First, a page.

As much as pet owners try to create a safe environment for our beloved dogs, there’s bound to be blindspot that could pose as a threat to these animals. These lurking dangers that are hidden in plain sight could only be identified by a seasoned dog owner or expert. We spoke to renowned dog behaviourist Chris Onthank to suss out what are some of the common negleneces pet owners have and how we are able to avoid or rectify them.
With over 25 years of experience, Chris is a frequent contributor on the media circuit as an animal behaviorist and pet industry expert. His passion for pets is shared on his blog which is a popular resource for all things dogs: news, trends, info, tips, stories, photos and videos. His articles provide in-depth coverage of dog-related topics including training, health, innovative pet products and general information on how to keep dogs happy, healthy and safe.
Learn What Food Is Dangerous For Your Dog
We all know food may be one of the sources of danger for our pet. Humans sometimes accidentally feed dogs food that contains items that are poisonous to them. Apart from the commonly known such as chocolate, coffee, grapes, garlic and nuts, owners should be careful with avocados and cooked bones. Chris also suggests to take note of food that contains xylitol e.g. sugar free gum and certain peanut butter brands.
Where You Keep Your Medicine And Poison
Humangrade medication is potentially one of the most harmful items to your dog. They should be kept at places that are not accessible to them. Even a closed but unlocked cabinet may proved to be an easy entry for some smarter dogs. Ensure these storage places are either locked or high up.
Try to take your medicine over the sink or in a room with the door closed. Don’t keep pills in your pocket or on a counter, and keep them separate from other pills that may have a strong smell, such as fish oil supplements (which aren’t harmful to pets but might attract your hungry pet to your pill stash). Watch children closely when they take medication to ensure that they don’t drop it or decide to feed it to your dog.
Chemicals that are poison to humans are equally dangerous to dogs. Items such as insecticides, insecticides, rodenticides, cleaning products (bleach, window cleaners, bathroom cleaners, laundry detergents, etc.), fertilizer, antifreeze, de-icers, batteries should all be kept in a locked store room. Make sure your dog does not have access to freshly fertilized plants as they might chew on the leaves.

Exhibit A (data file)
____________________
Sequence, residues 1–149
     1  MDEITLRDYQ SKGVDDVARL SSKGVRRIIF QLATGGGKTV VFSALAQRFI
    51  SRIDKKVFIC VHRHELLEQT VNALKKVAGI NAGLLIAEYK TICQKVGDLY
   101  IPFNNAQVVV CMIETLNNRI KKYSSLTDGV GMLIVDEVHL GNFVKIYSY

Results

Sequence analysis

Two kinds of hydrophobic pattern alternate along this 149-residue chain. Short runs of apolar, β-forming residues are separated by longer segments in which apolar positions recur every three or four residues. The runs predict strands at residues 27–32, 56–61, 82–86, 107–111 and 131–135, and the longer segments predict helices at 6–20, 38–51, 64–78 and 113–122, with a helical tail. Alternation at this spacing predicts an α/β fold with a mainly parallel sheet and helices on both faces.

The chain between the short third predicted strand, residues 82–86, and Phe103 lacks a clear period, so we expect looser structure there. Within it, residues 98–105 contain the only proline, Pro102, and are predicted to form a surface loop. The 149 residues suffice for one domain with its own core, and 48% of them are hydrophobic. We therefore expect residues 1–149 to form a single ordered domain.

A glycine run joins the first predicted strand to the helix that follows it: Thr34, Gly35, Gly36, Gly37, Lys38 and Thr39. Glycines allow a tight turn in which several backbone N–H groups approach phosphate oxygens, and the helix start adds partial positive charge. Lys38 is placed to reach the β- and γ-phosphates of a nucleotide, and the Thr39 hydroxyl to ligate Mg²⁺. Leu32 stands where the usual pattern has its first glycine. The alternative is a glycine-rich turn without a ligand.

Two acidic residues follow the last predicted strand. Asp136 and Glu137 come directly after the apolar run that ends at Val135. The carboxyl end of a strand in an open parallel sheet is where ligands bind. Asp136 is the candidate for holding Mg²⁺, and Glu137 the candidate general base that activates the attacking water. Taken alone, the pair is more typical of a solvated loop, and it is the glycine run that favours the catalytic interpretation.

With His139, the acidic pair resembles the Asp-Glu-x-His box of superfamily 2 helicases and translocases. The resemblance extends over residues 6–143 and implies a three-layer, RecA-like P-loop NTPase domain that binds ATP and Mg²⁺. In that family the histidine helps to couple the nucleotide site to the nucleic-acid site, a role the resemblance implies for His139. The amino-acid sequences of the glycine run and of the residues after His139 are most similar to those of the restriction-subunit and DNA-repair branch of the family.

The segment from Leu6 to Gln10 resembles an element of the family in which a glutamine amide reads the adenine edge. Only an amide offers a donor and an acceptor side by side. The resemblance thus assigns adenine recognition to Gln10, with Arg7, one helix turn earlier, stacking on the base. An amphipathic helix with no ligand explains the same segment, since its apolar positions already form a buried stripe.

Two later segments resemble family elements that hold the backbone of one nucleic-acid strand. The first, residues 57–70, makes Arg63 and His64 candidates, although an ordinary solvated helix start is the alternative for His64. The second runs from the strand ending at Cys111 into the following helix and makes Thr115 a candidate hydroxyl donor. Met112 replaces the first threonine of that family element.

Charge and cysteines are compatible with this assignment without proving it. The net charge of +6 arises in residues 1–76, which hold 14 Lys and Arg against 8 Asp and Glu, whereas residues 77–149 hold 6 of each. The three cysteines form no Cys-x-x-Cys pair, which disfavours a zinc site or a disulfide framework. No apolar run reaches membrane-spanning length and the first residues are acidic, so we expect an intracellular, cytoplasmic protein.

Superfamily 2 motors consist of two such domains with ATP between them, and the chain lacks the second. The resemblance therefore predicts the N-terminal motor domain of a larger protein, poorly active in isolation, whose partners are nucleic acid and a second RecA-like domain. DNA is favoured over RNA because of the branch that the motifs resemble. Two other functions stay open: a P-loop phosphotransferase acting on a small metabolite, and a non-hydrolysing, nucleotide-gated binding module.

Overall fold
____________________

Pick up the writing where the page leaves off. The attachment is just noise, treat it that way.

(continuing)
If you must apply an insecticide to your lawn or garden, look for nontoxic alternatives, such as those with the active ingredient Bacillus thuringiensis (or “Bt”), and dilute them properly before applying. If you’re using an insecticide that might be toxic, apply it only to areas your pets can’t reach.
Small And Dangerous
When there are children in a household, there’s definitely toys lying around. Parents are pretty instinctive when it comes to toy safety. But they need to make sure toys with removable or small parts are out of reach from the dogs. There is a high chance they may get choked on them. Even small soft toys, socks, underwear, coins are items dog might ingest. String, yarn, rubber bands, dental floss are easy for a dog to swallow and may require surgery if they cause intestinal blockages or strangulation
And The Expert Suggests…
Chris points out that dogs are naturally curious and have a keen sense of smell. It will be easy for them to find and get into things in your house that they shouldn’t have access to. Busy owners who leave their young dogs and dogs alone most of the time may need to ensure they do not get into more mischief.
“Make sure your dog is supervised and gets enough mental stimulation and exercise can really help eliminate many of these issues. To further protect your dogs from the above dangers, use common sense and take the same precautions you would with a child. To the extent possible, keep these things out of their reach. Try not to have products in your house that could cause them danger. Whenever possible, use natural cleaners on floors and counters. Educate yourself on what is good and what can cause potential danger to your dog,” explains Chris.
If you suspect your dog has been poisoned, get him to the vet as soon as possible. Signs of poisoning include listlessness, abdominal pain, vomiting, diarrhea, muscle tremors, lack of coordination and fever.